TURLOCK -- Tow truck operators for one company pleaded for their jobs, while other towing operators said the city had been giving that company an unfair advantage for years.
City Council members Tuesday night heard impassioned arguments on both sides of an updated tow operating ordinance. At issue was a requirement that any company that tows vehicles for the city have a storage yard within three miles of the city limit. That requirement already exists, but hasn't been enforced.
Duane Thompson of Anderson's Towing said his company has successfully worked for Turlock for 7½ years, operating out of its Ceres yard. He pointed out that according to the city's rules, he could locate a yard in Delhi or east of Denair, but it would cost him roughly $2,500 a month to secure and staff a space.
"It is basically a sledgehammer blow to the head," he said. "If you guys don't grandfather us in, we will go out of business."
Employees of Anderson's also spoke.
"Knowing any day I could lose my job is frustrating," said Richard Rice. "The decisions that you do make could save my job, and the company that I work for."
Turlock has a rotation of seven companies it uses to tow vehicles that have been confiscated by police, involved in accidents and the like. Representatives of other towing operators also spoke, saying Anderson's has had an unfair advantage.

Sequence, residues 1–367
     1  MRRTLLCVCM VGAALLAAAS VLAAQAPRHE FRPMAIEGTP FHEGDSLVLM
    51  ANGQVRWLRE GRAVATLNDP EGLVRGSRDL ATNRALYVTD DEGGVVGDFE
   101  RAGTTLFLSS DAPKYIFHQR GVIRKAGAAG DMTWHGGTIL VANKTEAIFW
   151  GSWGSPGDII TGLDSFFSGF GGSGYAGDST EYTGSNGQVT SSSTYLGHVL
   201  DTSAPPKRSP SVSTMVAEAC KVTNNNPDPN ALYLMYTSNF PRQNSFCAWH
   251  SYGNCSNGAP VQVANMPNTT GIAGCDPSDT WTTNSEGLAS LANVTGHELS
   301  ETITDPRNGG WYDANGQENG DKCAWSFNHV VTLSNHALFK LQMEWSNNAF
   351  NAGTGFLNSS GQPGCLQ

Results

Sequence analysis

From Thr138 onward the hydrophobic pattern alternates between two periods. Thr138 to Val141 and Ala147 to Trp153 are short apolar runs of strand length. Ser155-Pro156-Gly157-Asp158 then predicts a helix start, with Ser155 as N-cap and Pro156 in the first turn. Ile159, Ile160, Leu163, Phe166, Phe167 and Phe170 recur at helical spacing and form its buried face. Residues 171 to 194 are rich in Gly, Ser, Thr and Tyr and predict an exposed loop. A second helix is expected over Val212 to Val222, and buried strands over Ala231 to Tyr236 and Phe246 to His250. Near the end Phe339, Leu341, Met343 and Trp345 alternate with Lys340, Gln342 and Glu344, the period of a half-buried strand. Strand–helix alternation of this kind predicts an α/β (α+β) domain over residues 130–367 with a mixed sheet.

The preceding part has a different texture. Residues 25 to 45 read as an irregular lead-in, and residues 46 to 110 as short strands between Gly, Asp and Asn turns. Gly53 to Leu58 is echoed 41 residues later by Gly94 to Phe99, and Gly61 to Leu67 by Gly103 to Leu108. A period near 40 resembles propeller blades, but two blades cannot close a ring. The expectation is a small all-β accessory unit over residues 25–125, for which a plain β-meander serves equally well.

Eldo Harris, who runs E's Towing, said he has a yard in Modesto that's roughly 12 minutes by highway from Turlock. "I have the same expense he does," he said. "Why should I have to staff a yard in Turlock?"
Mike Disney, who owns Disney Wise Towing, called Turlock's rules reasonable and said some cities require yards within the city limit.
"It's not feasible that he has this advantage we don't have," Disney said. "I have to have extra employees because I have a yard in Turlock. Why shouldn't everybody else?"
City Council member Bill DeHart said the city has to apply its rules fairly.
"Nobody really wants to put anybody out of a job," he said. "But I think (the grandfathering request) is unreasonable. I find it somewhat preposterous that you would ask us to do that."
The ordinance would require compliance by Jan. 1. But Mayor John Lazar suggested that be delayed until July, to give Anderson's more time to open a local lot, or its employees time to look for new jobs.
The ordinance ultimately passed, 3-1 with Councilman Forrest White voting against it, sticking with the original deadline. Councilwoman Amy Bublak, a Modesto police officer who deals with towing companies in her job, abstained at the recommendation of City Attorney Phaedra Norton until it can be determined whether she has a conflict of interest. The measure will come back for a second reading and final adoption.
Bee staff writer Patty Guerra can be reached at firstname.lastname@example.org or (209) 578-2343.